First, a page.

5. 5. <ul><li>1.2 Explanatory Notes: </li></ul><ul><li>Work produced for this achievement standard may be used as the basis for the </li></ul><ul><li>development of ideas for the folio </li></ul><ul><li>Selecting the appropriate subject matter is the starting point & themes can be derived from </li></ul><ul><li>3-dimensional &/or 2-dimensional sources. Examples of 3-dimensional source </li></ul><ul><li>material could include arranged still life & selected objects, & sites such as buildings or </li></ul><ul><li>landscapes from the built or natural environment. Examples of 2-dimensional source </li></ul><ul><li>material could include, but are not limited to: photographs, photocopies, diagrams, </li></ul><ul><li>books, original art works. </li></ul><ul><li>The body of work could include: drawings, sketches, studies of artists’ works, notes, </li></ul><ul><li>colour roughs, plans. </li></ul><ul><li>Compositional conventions include the arrangement of elements (line, shape, space, </li></ul><ul><li>colour, tone, point, texture, form, mass) & principles (balance, harmony, rhythm, </li></ul><ul><li>tension, contrast, etc) to inform practical work. </li></ul><ul><li>Appropriate refers for example to communication of information such as shape, form, </li></ul><ul><li>mass, contrast, line, surface, texture, proportion or scale. </li></ul><ul><li>Dry media may include but is not limited to: pastel, pencil, charcoal, chalks . </li></ul><ul><li>Wet media may include but is not limited to: paint, dye, ink & wash . </li></ul><ul><li>Facility refers to the ability to use media with a high level of control, appropriate to </li></ul><ul><li>purpose. </li></ul>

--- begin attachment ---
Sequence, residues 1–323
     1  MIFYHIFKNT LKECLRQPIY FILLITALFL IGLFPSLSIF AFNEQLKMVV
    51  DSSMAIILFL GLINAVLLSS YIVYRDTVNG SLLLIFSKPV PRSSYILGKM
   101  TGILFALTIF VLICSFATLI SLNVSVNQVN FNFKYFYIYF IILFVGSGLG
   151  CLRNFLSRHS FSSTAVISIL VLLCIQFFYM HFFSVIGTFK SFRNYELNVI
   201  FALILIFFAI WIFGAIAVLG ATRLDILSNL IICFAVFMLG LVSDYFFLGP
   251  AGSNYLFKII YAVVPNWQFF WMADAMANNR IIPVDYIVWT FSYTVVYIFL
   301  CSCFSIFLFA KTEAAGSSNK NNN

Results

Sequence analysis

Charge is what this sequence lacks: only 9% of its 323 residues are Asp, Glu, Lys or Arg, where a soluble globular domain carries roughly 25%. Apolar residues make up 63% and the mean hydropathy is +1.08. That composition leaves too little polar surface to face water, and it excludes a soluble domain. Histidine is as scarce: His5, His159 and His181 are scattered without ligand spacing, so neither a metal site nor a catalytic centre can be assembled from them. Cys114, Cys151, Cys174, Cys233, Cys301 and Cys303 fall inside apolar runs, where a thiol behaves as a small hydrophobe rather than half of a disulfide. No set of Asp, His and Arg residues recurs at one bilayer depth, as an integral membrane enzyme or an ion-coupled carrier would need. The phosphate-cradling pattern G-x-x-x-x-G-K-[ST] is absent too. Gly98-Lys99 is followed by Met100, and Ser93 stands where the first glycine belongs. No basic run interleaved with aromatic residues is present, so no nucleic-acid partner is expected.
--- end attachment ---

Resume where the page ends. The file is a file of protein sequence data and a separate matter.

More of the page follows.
6. 6. Approaches to Drawing (S Ryde) Selecting the appropriate Materials, Media, Methods, Techniques, Processes & Procedures to initiate & develop ideas. 1. Charcoal: Willow or compressed charcoal or charcoal pencil . On white paper, rubbed & worked with rubber & blender. On newsprint using the side to blend the tones. On brown paper with white pastel for highlights. Combined with ink & wash. Over a water colour or gouache base. Over a pastel ground. Over a ground prepared with gesso. Charcoal drawing as base covered with oil varnish or shellac. Charcoal over painting. Charcoal on paper, fixed with spray varnish & reworked with other media such as oil paint 2. Black ink and wash including tusche: On white or brown paper, watercolour papers or thin card. Using pen (pilot brand permanent ink), brush, stick &/or sponges (blocking areas of tone) Using water or oil based printing ink & making mono prints as drawing. Over coloured grounds using a range of media including collage. Tusche over water colour ground or white gesso. Indian ink onto wet paper, blotted with tissue, overworked with gesso taped & over drawn with other media. Ink as ground & overdrawn with white (oil stick, pastel, pencil etc) Ink drawing on plexiplate & transferred to another piece of paper, varnished & reworked. 3. Pencil: 2B to 8B pencil exploring line & tonal range on white or toned papers Black & white pencils (stabilo water soluble) including the dark wash pencil range (water soluble) & water soluble coloured pencils . On white paper using different grades including 6B/8B blended & using hard & soft rubbers to highlight light areas. Using erasers on brown paper with white highlights. Working into areas prepared with oil sticks or oil paint (white, black & tones of colour) using 8B on white or brown paper .Rubbed & blended with overdrawing & highlight with malleable rubber on toned papers Earth or grey tonal range of pencils (Derwent brand) on white paper painted with Gesso (black, white, grey, ochre) in combination with colour washes. 4. Oil sticks, oil & wax pastels, coloured crayons & lithographic crayons: Black and white oil sticks over a coloured &/or prepared shellac ground . (tape can be used to isolate areas) Black oil stick blended with turpentine. Black or other colours including Payne’s grey oil paint scraped & rubbed into white or coloured paper overdrawn with white oil stick/ and or white oil pastels or wax crayons. Lithographic crayon drawn into or rubbed over painted areas to pull out texture Crayon, oil pastels, oil sticks used to draw & washed over with dyes or water colour (crayon resist ) 5. Chalk pastels, water soluble crayons & conte: (Pastels can be used to explore colour fields, tonal relationships & limited tonal ranges) Pastel pencils to explore line & tone . Pastels rubbed and blended and overdrawn on white, toned, textured, & coloured papers & overdrawn on prepared grounds. Chalk pastels over gesso combined with 8B pencils & charcoal. The surfaces can be blended with erasers or wiped back with wet sponges Water soluble crayons used to draw on white or toned grounds & blended using brushes & water . 6. Collaged & prepared surfaces: Oil paint or oil sticks scraped to cover a white, black or coloured smooth or textured paper . Tissue applied onto paper using collage glue wallpaper paste or gesso & sealed with primal, varnish or shellac. Coloured papers glued down onto a smooth surface. .Dye or pure pigments prepared under a gesso ground (can be sealed for reworking) Dyes mixed with primal. Tape used to block areas & scrapers made of card or plastic used to cover areas that can then be drawn into.